Glyph of Divine Accuracy now also affects Holy Fire in addition to Smite.
A whole raft of changes to the Atonement/Archangel/Evangelism healing style here.
The short version is that Atonement and Evangelism have been changed to incorporate Holy Fire as well as Smite: HF will heal with Atonement and the initial hit will also add a stack of Evangelism. To help facilitate this, the change to the Glyph of Divine Accuracy removes the annoying risk of wasted time (and possibly a dead tank) due to a missed HF.
These changes mean that HF should be an integral part of the AAE rotation again. The bump to the output of Holy Fire is a straight throughput increase for the rotation, and of course now that we’re casting HF routinely and without penalty the Glyph of Smite reprises its place amongst our Major Glyphs, for another flat 20% increase to the output of the AAE style.
Of course, the AAE approach still isn’t as predictable as directly healing your target when there’s multiple possible targets for the Atonement heal to land on, but where it is usable you should see significantly improved results. As an enthusiastic supporter of the AAE spec I’m rather pleased about the output buff as well as being encouraged to add an extra spell to the rotation.
Dispel Magic can only be used on the casting priest as a baseline effect.
Discipline and Holy: Absolution (new passive) enables priests to use Dispel Magic on up to 2 harmful effects on friendly targets.
This change shouldn’t make any difference to Discipline or Holy specced Priests, but if you’re accustomed to having your Shadow brethren help with dispels in a pinch then you’ll need to rethink that from now on.
Note that this doesn’t affect our ability to offensively Dispel, regardless of spec. Not a surprise there, it wouldn’t be in keeping with Blizzard’s current direction if they narrowed the number of range of specs with offensive Dispels.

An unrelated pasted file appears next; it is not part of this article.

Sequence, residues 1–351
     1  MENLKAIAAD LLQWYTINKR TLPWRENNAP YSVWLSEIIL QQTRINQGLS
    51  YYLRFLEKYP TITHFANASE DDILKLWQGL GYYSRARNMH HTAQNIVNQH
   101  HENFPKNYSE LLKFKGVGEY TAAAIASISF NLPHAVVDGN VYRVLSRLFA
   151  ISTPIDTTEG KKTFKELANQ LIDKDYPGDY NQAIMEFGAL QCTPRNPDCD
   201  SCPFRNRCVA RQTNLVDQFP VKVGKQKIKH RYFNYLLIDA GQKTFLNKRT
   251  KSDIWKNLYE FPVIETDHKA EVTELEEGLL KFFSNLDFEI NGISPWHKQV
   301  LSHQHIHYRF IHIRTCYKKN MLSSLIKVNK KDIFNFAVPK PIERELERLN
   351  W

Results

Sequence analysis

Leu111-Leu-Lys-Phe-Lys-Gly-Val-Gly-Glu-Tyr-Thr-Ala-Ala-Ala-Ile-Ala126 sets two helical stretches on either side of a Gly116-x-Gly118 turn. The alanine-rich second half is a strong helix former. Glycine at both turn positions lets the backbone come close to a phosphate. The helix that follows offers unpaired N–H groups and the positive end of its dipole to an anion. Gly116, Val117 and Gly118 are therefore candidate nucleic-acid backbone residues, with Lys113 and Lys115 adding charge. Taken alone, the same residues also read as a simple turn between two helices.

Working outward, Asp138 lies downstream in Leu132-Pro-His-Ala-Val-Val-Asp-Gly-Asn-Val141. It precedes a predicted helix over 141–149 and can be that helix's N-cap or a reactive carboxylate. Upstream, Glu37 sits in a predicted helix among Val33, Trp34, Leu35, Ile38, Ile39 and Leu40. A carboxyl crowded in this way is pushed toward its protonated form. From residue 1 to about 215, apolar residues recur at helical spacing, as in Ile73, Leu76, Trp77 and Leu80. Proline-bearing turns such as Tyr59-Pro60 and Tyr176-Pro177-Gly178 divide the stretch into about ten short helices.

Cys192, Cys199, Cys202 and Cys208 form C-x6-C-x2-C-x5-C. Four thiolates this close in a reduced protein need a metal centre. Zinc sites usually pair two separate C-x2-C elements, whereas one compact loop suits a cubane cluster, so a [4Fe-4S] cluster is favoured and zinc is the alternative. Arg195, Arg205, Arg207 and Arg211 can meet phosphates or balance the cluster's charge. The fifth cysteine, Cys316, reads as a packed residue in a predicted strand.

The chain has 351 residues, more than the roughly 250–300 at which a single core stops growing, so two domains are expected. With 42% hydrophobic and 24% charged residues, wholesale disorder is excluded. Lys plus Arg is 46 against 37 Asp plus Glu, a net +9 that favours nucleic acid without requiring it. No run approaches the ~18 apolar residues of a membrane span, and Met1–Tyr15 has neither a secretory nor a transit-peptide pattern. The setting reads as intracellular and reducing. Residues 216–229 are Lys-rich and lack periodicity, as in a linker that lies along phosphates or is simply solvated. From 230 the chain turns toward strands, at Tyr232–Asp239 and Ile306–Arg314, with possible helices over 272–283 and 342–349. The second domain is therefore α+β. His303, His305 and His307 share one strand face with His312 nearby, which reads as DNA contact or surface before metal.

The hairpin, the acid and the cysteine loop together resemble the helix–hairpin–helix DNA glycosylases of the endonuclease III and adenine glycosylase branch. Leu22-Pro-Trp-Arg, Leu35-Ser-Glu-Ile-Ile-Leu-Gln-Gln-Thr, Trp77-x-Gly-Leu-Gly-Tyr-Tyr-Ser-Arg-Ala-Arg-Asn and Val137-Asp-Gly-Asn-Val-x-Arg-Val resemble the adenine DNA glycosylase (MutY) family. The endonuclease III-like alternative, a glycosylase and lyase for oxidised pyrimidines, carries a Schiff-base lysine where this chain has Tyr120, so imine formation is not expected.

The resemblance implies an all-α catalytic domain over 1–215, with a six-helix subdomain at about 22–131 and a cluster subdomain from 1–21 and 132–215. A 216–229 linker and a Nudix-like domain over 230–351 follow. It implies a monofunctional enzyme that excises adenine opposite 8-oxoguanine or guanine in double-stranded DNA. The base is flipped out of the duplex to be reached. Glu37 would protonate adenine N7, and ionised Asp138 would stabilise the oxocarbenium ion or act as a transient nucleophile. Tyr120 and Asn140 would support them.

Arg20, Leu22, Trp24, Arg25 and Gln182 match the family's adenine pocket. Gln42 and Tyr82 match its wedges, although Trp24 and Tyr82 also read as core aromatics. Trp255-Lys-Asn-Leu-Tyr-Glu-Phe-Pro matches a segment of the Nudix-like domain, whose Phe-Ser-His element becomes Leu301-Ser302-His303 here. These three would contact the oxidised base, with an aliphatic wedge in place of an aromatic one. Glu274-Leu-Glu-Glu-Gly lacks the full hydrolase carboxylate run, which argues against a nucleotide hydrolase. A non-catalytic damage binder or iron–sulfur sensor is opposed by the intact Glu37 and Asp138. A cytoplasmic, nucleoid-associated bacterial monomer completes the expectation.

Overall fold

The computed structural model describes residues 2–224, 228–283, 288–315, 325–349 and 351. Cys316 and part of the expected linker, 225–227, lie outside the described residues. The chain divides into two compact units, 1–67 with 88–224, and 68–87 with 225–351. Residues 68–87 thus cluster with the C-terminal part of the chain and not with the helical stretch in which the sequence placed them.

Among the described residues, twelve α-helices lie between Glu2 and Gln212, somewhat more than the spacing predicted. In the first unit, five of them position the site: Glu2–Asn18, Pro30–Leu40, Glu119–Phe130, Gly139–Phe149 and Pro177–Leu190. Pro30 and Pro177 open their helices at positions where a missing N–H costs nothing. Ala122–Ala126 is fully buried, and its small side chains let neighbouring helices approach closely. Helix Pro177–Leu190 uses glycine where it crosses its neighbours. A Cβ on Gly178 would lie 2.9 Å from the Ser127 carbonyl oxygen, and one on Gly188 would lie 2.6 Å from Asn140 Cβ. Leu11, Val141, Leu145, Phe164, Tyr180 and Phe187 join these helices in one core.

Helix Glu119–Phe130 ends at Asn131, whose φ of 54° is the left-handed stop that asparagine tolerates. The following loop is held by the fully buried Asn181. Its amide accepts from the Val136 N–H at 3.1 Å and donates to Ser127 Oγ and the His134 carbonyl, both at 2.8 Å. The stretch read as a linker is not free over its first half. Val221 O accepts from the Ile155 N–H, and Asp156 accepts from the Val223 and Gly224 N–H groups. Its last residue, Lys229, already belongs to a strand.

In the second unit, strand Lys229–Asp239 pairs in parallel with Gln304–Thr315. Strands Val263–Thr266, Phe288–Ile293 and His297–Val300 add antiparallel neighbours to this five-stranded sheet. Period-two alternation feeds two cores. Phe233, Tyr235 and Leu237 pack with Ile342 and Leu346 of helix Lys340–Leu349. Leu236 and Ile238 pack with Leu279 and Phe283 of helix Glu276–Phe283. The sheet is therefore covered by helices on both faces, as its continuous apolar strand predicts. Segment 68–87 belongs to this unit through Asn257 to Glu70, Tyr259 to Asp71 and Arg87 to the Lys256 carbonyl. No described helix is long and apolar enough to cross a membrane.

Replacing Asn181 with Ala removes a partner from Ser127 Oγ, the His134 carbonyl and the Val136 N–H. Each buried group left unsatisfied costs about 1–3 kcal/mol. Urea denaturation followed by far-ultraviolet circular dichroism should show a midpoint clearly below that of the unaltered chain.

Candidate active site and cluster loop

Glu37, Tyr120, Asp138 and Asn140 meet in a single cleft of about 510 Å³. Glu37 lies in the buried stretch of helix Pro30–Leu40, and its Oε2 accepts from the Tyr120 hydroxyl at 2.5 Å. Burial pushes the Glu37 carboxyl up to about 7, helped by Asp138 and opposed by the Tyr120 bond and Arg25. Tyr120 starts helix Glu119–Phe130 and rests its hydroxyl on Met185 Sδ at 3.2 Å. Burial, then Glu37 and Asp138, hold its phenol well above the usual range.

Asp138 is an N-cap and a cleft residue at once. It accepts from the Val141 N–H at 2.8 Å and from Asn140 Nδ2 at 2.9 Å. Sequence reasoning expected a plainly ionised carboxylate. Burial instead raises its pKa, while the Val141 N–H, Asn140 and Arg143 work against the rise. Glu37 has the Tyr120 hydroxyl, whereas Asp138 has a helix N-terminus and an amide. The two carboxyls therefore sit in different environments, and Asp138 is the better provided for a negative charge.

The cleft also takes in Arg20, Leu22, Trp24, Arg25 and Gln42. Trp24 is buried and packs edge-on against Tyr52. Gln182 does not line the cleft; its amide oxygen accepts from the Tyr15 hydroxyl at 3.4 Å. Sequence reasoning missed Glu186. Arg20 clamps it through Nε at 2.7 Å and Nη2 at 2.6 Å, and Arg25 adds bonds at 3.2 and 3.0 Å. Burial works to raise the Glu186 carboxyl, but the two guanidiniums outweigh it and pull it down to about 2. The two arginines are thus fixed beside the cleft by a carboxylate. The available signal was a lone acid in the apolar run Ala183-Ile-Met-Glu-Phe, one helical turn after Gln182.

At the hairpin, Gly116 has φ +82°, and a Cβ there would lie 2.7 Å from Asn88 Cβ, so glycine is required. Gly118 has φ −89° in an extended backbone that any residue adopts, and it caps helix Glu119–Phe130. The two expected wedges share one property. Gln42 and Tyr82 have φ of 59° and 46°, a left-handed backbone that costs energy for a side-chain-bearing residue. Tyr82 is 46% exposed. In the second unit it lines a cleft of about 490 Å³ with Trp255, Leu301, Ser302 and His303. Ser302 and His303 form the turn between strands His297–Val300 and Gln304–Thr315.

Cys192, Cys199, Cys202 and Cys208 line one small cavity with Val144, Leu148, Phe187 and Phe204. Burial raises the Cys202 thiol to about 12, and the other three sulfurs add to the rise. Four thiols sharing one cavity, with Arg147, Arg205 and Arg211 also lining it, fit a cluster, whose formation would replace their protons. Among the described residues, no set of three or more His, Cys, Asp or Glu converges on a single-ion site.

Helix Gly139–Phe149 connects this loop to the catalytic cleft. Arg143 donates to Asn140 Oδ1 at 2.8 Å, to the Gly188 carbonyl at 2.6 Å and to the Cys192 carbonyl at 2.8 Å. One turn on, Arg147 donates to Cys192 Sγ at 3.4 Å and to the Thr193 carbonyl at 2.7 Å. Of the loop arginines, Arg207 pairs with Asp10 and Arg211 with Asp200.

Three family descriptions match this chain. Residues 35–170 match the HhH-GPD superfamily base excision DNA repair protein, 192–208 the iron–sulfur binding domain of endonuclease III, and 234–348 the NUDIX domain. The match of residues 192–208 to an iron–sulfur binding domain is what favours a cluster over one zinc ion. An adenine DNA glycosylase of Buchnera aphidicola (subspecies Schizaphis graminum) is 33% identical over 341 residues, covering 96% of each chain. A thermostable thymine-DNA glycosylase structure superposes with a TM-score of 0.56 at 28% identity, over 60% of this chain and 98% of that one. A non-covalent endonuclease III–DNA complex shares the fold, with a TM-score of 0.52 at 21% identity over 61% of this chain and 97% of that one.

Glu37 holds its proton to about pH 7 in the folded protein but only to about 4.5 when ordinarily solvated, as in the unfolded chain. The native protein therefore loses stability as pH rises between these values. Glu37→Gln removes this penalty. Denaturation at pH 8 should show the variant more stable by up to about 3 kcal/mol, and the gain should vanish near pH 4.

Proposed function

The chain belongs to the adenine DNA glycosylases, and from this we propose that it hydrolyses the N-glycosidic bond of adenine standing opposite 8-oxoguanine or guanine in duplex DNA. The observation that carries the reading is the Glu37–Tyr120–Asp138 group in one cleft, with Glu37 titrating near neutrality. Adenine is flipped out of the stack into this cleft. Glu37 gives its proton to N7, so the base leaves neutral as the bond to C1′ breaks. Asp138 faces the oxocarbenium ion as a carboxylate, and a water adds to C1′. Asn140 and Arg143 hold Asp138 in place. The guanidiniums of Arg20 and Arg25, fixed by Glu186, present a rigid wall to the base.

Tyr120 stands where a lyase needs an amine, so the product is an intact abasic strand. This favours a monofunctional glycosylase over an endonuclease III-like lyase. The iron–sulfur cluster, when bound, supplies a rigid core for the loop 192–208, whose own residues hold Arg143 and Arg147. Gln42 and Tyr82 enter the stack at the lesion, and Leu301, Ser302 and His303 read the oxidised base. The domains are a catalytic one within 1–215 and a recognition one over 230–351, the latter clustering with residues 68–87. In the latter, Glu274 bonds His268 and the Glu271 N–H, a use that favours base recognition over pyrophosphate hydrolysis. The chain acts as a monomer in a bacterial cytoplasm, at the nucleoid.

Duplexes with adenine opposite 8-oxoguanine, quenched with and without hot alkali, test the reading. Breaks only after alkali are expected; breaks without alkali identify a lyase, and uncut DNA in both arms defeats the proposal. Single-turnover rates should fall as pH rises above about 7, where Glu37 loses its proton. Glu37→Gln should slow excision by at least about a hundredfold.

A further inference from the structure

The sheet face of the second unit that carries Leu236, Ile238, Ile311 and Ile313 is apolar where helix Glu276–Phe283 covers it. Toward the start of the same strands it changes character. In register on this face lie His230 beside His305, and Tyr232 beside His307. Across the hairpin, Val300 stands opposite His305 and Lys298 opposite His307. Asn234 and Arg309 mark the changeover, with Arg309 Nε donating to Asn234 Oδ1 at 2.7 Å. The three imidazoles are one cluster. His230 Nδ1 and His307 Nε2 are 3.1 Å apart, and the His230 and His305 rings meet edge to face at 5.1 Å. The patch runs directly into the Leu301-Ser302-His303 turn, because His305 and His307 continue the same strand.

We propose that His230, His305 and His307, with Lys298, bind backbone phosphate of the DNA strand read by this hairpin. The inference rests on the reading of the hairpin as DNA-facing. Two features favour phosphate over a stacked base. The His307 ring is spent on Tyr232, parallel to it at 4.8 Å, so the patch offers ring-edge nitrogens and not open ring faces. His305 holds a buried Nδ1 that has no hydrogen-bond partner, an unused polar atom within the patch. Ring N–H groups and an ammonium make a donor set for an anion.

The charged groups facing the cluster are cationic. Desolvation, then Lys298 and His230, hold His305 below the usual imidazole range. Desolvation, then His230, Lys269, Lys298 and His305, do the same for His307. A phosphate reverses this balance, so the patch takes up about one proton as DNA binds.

Inner Will and Inner Fire now last until canceled.
A nice quality of life change here.
OK, it’s not the biggest deal, but it’s technically a buff!
Priests now innately have 100% pushback protection from damage while channeling Divine Hymn and Hymn of Hope.
This is a much bigger deal. Even if you bubbled yourself just before starting the channel this would often not be enough to get you through without losing at least one tick of the channels, and particularly in the case of Divine Hymn this could cost a significant chunk of healing when you need it most.
As with the other raid cooldown changes I see this as a measure to normalise the effect, making it more predictable and thus better-balanced and easier to design around.
It is now possible to remove Weakened Soul effects that were a result of another priest’s Power Word: Shield through Strength of Soul.
I suppose if you had multiple Disc Priests in raids, or a particularly bubble-happy Holy Priest, this could be helpful. It’s a nice, sensible change anyway.
Mind Sear damage has been doubled.
When you have a burning desire to break the CC on those tricky trash pulls, now you can do it slightly harder
Druid: Efflorescence has been redesigned. It creates a healing zone at the feet of a Swiftmend target, but this healing zone now restores health equal to 4/8/12% of the amount healed by Swiftmend to the three most injured targets within 8 yards, every 1 second for 7 seconds. This periodic effect now also benefits from spell haste, but the individual ticks cannot be critical effects.
In case you’d missed the memo, this is a buff to Efflorescence overall, making it like a much lighter, area-limited version of Divine Hymn. However, from our perspective as a non-Druid, we need to be aware of this change. When there are a lot of players inside the Efflorescence zone, the new version will bring up the lowest health bars but leave the higher ones alone, while the previous incarnation would have brought everyone up equally.
When it’s important to top off the group (before an Electrocute, for example), you might be better off focusing on the groups and players with the smallest health deficits rather than those most injured, since you’re now competing with yet another smart heal on the most injured players.
Shaman: Spirit Link Totem (new talent) reduces damage taken by all party and raid members within 10 yards by 10%. This lasts 6 seconds, and every second it is active the health of all affected players is redistributed among them, such that each player ends up with the same percentage of their maximum health. This counts as an Air totem and has a 3-minute cooldown.